The curious case of PRASA’s “simulated” robbery
Security guards released on bail after allegedly tying up fellow guards and attempting to steal vehicles
The 14 Passenger Rail Agency of South Africa (PRASA) security guards arrested late last month for allegedly tying up fellow security guards and attempting to steal vehicles at the company’s head office in Pretoria were released last week on R2,000 bail each.
State prosecutors asked for bail to be denied on the grounds that the 14 accused were a flight risk and a threat to witnesses. This was disputed by Magistrate Mali Mokoena who set the bail at R2,000 each. The accused security guards claimed they were merely involved in a simulated robbery to test security at the PRASA premises after several previous robbery incidents.
Police spokesperson Captain Colette Weilbach said the 14 suspects were found with two firearms including a toy weapon, after tying up and threatening three fellow guards. PRASA staff later found knives and a toy gun in nearby shrubs, which may have been tossed away when the police appeared on the scene.
The security guards are reported to have said they were carrying out the orders of Wilson Sebiloane, head of PRASA’s Business Intelligence Unit. Sebiloane is a former uMkhonto weSizwe operative who was granted amnesty by the Truth and Reconciliation Commission for attempted murder and possession of a firearm. The Commission found that these crimes, committed in 1991, were politically motivated.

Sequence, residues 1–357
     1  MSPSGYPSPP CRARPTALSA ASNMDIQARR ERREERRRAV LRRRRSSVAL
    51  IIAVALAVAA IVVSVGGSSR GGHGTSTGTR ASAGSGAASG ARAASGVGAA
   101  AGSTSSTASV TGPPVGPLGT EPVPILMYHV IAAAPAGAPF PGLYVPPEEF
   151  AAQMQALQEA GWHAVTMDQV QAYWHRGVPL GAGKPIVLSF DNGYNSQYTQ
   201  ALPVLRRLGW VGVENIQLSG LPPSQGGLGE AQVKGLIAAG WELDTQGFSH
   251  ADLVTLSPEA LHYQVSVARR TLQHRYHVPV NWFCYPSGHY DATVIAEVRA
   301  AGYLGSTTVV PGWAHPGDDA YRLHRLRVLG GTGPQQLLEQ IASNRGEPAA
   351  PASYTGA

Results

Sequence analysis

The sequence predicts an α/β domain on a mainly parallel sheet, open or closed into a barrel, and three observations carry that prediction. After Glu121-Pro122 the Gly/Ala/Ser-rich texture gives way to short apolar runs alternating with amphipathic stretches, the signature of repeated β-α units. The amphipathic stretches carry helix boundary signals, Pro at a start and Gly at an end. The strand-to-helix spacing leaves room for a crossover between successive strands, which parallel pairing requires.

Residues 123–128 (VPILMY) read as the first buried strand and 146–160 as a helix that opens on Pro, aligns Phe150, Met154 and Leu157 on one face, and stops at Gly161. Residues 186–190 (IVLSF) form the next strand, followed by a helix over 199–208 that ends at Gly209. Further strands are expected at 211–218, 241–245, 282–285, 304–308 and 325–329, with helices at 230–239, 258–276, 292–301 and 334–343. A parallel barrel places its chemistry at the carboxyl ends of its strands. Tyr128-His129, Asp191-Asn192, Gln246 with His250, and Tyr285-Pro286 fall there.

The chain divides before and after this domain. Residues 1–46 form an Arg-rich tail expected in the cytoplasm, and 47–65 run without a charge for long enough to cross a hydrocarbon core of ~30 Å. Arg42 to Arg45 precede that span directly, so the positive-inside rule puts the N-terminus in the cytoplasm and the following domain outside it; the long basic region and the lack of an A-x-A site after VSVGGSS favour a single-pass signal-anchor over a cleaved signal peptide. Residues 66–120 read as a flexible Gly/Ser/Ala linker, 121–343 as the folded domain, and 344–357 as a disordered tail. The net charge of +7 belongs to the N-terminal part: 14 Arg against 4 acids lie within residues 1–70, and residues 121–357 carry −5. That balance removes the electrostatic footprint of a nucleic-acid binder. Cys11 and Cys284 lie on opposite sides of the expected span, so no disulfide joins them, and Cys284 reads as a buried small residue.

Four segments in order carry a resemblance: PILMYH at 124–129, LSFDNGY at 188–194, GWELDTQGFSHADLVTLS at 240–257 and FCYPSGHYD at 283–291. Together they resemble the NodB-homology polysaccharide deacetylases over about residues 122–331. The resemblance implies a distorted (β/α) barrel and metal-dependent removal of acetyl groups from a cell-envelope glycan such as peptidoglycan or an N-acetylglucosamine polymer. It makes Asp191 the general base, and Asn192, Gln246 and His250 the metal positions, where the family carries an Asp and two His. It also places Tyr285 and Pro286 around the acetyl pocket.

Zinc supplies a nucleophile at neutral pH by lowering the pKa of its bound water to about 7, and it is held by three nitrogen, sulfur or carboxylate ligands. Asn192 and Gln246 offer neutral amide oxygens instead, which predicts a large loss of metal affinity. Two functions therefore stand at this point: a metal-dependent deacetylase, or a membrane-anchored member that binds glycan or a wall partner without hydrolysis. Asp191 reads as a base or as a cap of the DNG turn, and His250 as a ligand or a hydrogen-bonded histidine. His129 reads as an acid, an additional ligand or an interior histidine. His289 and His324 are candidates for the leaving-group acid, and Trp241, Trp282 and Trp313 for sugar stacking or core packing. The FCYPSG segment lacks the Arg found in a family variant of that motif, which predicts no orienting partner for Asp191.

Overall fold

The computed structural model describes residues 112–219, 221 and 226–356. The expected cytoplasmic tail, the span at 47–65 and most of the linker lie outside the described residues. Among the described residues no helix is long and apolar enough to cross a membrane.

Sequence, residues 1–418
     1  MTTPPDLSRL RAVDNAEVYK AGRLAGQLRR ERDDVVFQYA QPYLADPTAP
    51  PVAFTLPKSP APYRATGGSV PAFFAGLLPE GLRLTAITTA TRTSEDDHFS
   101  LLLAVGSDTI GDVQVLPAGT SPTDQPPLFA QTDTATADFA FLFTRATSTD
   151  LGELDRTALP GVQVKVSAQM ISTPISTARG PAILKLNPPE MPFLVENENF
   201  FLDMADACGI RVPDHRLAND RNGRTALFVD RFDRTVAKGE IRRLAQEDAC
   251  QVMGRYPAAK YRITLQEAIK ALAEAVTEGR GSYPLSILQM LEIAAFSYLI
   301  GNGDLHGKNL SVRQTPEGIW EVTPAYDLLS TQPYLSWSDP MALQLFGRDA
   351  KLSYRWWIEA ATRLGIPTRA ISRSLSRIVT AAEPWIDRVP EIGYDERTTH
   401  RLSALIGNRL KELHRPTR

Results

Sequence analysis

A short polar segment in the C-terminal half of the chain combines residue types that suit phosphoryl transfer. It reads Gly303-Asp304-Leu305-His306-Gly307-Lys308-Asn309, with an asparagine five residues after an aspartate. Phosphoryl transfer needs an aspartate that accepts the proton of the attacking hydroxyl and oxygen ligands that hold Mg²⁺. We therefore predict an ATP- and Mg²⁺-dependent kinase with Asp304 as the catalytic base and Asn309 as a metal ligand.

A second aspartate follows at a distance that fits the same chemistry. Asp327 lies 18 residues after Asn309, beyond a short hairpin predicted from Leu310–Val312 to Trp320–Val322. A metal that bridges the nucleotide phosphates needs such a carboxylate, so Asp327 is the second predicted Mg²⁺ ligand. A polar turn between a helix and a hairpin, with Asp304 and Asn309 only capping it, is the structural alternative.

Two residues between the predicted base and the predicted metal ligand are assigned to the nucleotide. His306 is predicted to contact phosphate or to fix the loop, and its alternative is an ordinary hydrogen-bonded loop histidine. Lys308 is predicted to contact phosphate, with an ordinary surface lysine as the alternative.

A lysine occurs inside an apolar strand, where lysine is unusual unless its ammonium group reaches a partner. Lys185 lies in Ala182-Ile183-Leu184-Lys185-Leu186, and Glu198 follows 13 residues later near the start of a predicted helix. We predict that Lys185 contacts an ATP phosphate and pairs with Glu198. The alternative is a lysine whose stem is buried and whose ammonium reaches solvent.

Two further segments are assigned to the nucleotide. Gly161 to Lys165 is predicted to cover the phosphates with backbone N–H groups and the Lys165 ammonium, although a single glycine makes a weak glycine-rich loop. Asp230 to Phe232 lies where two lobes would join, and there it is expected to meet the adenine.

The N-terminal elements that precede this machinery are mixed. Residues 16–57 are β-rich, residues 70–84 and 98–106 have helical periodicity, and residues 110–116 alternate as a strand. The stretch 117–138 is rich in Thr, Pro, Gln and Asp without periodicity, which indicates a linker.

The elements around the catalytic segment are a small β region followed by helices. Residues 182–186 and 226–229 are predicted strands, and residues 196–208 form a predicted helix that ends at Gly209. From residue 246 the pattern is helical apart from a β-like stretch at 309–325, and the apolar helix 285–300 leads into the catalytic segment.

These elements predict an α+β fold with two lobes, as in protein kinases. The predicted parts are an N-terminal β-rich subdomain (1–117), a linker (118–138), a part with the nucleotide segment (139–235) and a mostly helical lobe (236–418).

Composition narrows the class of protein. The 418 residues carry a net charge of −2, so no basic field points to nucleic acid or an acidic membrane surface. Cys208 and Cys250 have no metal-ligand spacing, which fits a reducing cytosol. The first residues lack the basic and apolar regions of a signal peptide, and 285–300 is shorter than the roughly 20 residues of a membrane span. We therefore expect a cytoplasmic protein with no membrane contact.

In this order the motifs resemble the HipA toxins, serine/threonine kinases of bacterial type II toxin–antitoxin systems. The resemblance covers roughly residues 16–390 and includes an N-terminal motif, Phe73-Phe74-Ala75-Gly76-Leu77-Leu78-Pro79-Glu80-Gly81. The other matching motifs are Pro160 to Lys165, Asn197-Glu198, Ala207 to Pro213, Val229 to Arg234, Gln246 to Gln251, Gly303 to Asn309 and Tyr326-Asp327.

In court, the state prosecutor and police investigators said the “simulated robbery” claim was a convenient cover story. They said it was a carefully planned heist that went wrong when police arrived on the scene to find fellow security guards tied up and the accused attempting to make off with several of the 200 new company vehicles reportedly held at the premises.
PRASA media spokesperson Nana Zenani said the company was conducting an internal investigation into the circumstances surrounding the alleged robbery, but referred questions to the police and National Prosecuting Authority. “We would rather not comment on the progress of our internal investigation. I think we need to give the accused an opportunity to present their version of events to the court.”
One senior PRASA manager, who asked not to be named, said, “What doesn’t look good for the security guards is an email sent after the fact to corroborate their version of events. Also, that they tied up fellow security guards and threatened them with weapons while insisting they hand over keys to company vehicles.”
The state has argued that if this was a legitimate operation, the police and medical personnel would have been informed.
The defendants’ legal counsel countered that the simulated operation was approved and was one of several similar operations that had previously taken place. They also argued that the operation was recorded in the security operations book.
The case has been postponed till 21 January 2019.
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